One of the most successful -- and, by its conclusion, one of the most controversial -- runs in television historry has come to an end.
On Thursday, Ellen DeGeneres announced on Twitter that she and her crew had filmed the final episode of The Ellen DeGeneres Show, a program that lasted for 19 seasons and earned 12 Daytime Emmy Awards.
“Today we taped the final episode of ‘The Ellen Show’ which airs on May 26th,” Degeneres Tweeted.
“When we started this show in 2003, the iPhone didn’t exist. Social media didn’t exist. Gay marriage wasn’t legal. We watched the world change, sometimes for the better, sometimes not.”
Added the comedian:
"But whatever was happening, my goal was always for the show to be a place where we could all come together and laugh for an hour.
"Being invited into your lives has been the greatest privilege of my life and has brought me incredible joy.
"Thank you. Thank you. Thank you."
For years and years, DeGeneres was generally known as one of the kindest and most popular celebrities in Hollywood.
However, that largely changed in 2020 after a Buzzfeed article was published that quoted a number of former talk show employees.
They categorized the workplace environment on The Ellen DeGeneres Show as toxic, pointing to numerous instances of bulllying, racism and sexism from the program's executive producers.
Ellen herself was never directly accused of any wrongdoing, but these same employees emphasized that she was aware of the troubling behavior -- and did nothing to stop it.
In a July 2020 letter to staff obtained by various outlets, the host said she’d always wanted the show to be a “place of happiness,” and she apologized for the issues that had taken place.
“Obviously, something changed, and I am disappointed to learn that this has not been the case,” she wrote.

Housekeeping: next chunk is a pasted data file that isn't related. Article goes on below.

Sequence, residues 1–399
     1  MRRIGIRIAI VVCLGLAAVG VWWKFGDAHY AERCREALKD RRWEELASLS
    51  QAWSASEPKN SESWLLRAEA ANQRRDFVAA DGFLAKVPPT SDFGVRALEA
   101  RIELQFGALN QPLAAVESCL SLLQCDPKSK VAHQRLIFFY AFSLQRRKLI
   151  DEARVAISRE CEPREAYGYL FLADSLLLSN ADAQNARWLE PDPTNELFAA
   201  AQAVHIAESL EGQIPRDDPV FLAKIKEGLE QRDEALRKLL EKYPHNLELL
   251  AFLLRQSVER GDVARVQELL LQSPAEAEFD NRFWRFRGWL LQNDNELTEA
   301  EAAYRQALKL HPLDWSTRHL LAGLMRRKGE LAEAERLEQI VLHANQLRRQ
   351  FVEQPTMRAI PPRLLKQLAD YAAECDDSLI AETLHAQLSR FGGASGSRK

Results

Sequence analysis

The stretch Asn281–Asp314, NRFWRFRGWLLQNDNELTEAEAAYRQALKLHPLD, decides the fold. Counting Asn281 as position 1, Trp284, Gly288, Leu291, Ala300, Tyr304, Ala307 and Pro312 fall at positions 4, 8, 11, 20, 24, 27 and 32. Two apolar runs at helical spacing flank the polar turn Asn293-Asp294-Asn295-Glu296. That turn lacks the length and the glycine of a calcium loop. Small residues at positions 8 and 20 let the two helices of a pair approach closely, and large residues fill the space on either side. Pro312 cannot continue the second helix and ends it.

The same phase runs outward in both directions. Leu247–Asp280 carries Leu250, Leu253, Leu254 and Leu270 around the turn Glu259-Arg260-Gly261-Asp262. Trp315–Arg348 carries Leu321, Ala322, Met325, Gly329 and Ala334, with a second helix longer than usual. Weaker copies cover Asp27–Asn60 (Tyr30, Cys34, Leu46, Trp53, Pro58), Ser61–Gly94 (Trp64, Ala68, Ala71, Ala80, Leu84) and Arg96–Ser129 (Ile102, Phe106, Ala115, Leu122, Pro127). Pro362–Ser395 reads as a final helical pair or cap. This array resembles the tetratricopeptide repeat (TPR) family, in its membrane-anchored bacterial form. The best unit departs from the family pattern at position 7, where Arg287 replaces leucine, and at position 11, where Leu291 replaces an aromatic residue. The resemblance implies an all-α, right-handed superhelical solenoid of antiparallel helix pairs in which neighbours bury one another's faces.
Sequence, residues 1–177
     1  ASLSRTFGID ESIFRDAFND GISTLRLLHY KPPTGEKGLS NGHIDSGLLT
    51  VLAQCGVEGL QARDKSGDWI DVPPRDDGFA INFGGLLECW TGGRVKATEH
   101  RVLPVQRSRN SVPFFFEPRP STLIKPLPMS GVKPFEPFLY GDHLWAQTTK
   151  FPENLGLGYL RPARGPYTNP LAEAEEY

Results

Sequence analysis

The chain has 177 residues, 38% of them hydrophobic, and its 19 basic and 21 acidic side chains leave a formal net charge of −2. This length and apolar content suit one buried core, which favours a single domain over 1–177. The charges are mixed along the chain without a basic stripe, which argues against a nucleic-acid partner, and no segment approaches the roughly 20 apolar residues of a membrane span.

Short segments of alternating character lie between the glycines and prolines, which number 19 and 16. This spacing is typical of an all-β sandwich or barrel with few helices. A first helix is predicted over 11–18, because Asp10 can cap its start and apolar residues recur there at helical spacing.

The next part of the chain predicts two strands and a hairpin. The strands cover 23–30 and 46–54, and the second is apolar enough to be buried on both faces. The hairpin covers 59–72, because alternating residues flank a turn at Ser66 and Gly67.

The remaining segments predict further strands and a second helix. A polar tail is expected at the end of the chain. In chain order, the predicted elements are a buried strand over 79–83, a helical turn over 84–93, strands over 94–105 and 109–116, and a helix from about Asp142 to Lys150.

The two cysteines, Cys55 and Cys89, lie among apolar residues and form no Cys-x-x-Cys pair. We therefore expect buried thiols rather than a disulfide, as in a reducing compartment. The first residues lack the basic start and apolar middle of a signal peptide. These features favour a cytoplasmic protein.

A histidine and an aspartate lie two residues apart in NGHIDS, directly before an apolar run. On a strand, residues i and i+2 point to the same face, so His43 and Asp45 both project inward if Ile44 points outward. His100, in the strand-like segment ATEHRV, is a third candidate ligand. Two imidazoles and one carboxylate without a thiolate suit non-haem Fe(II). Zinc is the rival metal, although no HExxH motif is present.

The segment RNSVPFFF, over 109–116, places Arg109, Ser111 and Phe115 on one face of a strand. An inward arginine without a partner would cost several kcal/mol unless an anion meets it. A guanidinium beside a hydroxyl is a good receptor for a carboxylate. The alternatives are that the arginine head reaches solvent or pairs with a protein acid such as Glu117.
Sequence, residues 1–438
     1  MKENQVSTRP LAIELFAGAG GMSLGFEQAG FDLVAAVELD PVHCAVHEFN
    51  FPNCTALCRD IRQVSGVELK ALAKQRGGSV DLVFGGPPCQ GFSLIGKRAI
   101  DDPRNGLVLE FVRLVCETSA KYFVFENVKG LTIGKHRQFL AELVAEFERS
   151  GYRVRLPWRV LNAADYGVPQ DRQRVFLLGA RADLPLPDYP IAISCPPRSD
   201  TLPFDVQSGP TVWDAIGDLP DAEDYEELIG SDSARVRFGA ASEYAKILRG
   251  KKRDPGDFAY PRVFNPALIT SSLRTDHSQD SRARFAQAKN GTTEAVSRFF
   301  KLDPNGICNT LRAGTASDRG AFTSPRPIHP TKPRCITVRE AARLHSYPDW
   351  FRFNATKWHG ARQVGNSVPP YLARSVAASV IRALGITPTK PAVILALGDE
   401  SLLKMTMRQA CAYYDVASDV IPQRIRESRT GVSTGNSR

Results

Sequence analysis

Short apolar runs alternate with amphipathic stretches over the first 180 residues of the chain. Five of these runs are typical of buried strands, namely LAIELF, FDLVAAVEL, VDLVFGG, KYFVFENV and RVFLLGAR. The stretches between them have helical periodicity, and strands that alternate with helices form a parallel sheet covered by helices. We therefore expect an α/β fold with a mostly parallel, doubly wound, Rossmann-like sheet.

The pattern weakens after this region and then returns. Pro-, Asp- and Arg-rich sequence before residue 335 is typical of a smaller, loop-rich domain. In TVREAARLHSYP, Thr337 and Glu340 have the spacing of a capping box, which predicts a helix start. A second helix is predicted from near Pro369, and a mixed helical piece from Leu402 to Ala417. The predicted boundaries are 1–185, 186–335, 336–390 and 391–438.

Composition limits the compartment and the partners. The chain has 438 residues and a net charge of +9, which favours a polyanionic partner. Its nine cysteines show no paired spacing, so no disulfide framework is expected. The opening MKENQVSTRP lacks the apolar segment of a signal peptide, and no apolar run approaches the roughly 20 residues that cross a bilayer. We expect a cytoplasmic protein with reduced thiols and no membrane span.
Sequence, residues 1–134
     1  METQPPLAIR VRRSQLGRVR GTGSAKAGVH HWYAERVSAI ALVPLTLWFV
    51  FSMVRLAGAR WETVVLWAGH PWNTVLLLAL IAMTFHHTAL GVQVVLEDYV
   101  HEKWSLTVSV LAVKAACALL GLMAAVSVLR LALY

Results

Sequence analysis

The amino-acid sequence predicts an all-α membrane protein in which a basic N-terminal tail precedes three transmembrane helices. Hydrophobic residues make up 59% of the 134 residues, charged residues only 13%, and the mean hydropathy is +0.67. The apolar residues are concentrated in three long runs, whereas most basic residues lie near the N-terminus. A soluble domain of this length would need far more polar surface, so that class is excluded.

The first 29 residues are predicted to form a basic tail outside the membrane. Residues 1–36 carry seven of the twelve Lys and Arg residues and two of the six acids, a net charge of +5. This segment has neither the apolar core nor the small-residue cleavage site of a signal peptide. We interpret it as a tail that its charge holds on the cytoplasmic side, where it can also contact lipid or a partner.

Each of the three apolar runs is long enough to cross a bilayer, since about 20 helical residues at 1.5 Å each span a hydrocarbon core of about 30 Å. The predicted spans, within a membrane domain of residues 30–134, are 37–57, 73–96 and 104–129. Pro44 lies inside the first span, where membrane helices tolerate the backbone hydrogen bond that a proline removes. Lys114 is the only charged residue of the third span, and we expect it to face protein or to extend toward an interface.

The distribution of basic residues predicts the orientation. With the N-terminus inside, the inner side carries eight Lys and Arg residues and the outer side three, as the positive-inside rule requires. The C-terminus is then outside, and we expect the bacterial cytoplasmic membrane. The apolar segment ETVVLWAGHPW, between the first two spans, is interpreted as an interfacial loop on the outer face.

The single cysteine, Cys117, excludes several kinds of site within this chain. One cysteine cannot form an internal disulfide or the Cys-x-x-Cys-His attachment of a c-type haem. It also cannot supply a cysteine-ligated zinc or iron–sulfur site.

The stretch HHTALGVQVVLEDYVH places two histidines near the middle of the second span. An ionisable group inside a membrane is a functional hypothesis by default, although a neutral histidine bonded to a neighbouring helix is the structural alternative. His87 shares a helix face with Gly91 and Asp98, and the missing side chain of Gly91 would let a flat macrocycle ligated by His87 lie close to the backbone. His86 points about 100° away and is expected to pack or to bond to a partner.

“And for that, I am sorry.
"Anyone who knows me knows it’s the opposite of what I believe and what I hoped for our show.”
The Emmy winner added that the accusations were “very hurtful” to her, but she claimed they weren’t the reason she decided to end the show last year.
“If I was quitting the show because of that, I wouldn’t have come back this season,” she told The Hollywood Reporter.
On Thursday's finale, meanwhile, DeGeneres celebrated the 25th anniversary of her former sitcom's iconic coming-out episode.
DeGeneres reflected on her experience, saying to the viewers "look at me now."
For those in need of a refresher:
On April 30, 1997, DeGeneres herself didn't just publicly come out as gay ... her character on the ABC sitcom Ellen did as well.
The episode titled "The Puppy Episode" was taped in front of a live audience, something she addressed on this week's taping.
"When I came out, people warned me that it was going to ruin my career, and they were right for a while," Ellen said during her opening monologue on Thursday.
"Actually, for exactly three years, I lost my career. But look at me now."
DeGeneres was met with loud applause on her final day of filming, as she stressed the importance of learning to accept and embrace people for their "authentic selves."
DeGeneres -- whose final season guests included such A-Listers as Jennifer Aniston, Kim Kardashian, Tiffany Haddish, Melissa McCarthy, Julianne Moore, Melissa Etheridge and Meghan Markle -- has been married to wife Portia De Rossi since 2008.
She confirmed via Twitter in March 2022 that the talk show’s finale will air on May 26, Tweeting:
“I’m going to miss this."